Are any of you wheelchair users? I have no doubts about my capabilities as such but I need to think about how this will be best carried out. I can transfer into a chair identical to the clients but in my own chair I can move about better obviously.
The room which I intend to use at the start is not a big room.


My father had polio when he was a teenager, and he alternated between crutches and a wheelchair. The only real issue I can see for a hypnotherapist in a wheelchair is that, for certain tasks, like the Dave Elman arm drop, you're at some risk of running over your clients' feet or barking their shins with your wheelchair. (Later in the session, it would serve as a convincer -- "You ran over my feet and it didn't bother me at all!" -- but during the induction it would be a nuisance.) Otherwise it's a non-issue.

Robert
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#3

Postby Helen Joy » Mon Mar 21, 2016 2:18 pm

Thank you so much for your responses both of you. I am very inspired by milton Ericsson and read as much about his work as possible though so far it's not given me much practical help with seeing clients as a wheelchair user.

We are clearing out a room at home, currently a downstairs dumping ground for books, shoes,coats, you name it! I think I will buy one really comfy chair for the client and stay in my chair. That way I'm making the best use of my space and making myself and my client as comfy as possible.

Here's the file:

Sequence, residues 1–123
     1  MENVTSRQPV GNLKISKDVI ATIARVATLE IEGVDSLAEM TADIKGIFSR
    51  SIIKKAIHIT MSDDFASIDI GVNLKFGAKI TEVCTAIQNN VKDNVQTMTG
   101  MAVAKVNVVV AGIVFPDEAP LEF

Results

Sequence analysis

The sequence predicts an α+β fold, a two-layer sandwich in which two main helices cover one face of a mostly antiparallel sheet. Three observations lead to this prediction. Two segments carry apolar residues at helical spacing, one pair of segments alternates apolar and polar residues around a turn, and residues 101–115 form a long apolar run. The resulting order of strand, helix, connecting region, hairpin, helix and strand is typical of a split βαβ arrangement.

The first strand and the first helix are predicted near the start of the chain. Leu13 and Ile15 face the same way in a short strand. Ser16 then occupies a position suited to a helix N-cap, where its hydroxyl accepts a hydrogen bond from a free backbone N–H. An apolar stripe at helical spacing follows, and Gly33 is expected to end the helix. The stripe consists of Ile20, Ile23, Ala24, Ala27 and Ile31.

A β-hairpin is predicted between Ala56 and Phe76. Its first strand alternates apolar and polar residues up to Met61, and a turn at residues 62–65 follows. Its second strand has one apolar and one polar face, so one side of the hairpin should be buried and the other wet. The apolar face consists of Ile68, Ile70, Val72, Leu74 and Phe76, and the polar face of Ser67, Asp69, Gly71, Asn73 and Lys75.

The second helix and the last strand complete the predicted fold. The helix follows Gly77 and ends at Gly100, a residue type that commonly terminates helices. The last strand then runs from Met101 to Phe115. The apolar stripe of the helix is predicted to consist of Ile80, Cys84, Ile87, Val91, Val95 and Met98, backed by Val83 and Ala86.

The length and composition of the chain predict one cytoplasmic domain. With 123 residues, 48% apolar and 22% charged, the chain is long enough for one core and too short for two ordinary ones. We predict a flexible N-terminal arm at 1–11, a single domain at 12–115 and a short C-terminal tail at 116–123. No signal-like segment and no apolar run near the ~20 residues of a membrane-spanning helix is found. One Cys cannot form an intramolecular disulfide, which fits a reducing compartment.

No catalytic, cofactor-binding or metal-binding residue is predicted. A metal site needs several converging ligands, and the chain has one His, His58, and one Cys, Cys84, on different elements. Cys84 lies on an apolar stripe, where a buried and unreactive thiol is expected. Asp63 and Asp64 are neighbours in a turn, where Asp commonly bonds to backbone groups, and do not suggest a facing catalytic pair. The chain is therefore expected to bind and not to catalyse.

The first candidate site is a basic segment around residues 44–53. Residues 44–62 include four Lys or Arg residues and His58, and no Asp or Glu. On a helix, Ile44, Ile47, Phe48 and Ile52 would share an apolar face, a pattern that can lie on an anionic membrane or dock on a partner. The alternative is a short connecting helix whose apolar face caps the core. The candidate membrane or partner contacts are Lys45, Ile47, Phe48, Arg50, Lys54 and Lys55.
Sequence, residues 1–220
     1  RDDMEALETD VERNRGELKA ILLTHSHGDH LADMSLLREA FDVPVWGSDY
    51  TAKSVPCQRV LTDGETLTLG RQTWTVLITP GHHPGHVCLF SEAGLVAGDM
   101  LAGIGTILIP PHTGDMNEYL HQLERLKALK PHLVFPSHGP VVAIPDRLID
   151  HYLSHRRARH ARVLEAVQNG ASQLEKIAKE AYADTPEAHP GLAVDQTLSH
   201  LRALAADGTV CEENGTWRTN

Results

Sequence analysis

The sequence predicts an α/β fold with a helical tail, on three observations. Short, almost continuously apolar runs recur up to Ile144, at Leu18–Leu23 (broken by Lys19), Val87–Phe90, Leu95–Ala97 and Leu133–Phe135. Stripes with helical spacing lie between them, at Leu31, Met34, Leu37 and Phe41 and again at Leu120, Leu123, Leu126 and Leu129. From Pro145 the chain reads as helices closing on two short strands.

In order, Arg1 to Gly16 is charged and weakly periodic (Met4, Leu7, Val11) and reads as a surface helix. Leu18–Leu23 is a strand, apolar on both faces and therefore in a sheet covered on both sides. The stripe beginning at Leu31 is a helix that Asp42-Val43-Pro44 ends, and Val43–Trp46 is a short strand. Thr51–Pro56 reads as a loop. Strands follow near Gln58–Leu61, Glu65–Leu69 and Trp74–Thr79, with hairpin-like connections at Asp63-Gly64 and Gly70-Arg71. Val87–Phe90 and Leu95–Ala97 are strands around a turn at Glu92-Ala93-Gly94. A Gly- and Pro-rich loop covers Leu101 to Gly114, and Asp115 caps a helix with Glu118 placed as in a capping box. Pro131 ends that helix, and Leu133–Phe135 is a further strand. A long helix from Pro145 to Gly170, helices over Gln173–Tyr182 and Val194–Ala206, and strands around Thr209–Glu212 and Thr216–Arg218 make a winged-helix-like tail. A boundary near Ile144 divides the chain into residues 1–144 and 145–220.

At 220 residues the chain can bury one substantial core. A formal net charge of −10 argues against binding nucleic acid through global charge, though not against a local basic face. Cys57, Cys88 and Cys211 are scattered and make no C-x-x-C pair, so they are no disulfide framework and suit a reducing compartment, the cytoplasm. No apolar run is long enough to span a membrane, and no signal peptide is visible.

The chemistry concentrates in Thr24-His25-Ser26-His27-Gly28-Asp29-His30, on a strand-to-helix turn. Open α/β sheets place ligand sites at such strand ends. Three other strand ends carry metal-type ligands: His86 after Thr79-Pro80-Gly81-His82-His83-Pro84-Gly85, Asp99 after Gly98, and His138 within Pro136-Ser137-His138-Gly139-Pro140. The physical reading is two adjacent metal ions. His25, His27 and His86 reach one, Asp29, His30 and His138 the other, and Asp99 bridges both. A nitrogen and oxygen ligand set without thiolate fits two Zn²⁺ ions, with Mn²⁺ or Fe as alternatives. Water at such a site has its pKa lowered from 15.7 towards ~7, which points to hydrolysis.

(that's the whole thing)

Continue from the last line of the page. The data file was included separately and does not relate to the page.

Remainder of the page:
I'd love to see other peoples hypnotherapy rooms! :)
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#4

Postby Robert Plamondon » Mon Mar 21, 2016 3:06 pm

Helen Joy wrote:Thank you so much for your responses both of you. I am very inspired by milton Ericsson and read as much about his work as possible though so far it's not given me much practical help with seeing clients as a wheelchair user.

We are clearing out a room at home, currently a downstairs dumping ground for books, shoes,coats, you name it! I think I will buy one really comfy chair for the client and stay in my chair. That way I'm making the best use of my space and making myself and my client as comfy as possible.

I'd love to see other peoples hypnotherapy rooms! :)


One of the nice things about hypnosis is that it's free-form. While using a little bit of physical contact in the induction, such as the arm drop or tapping the forehead, speeds things along, I doubt most hypnotists ever use either one.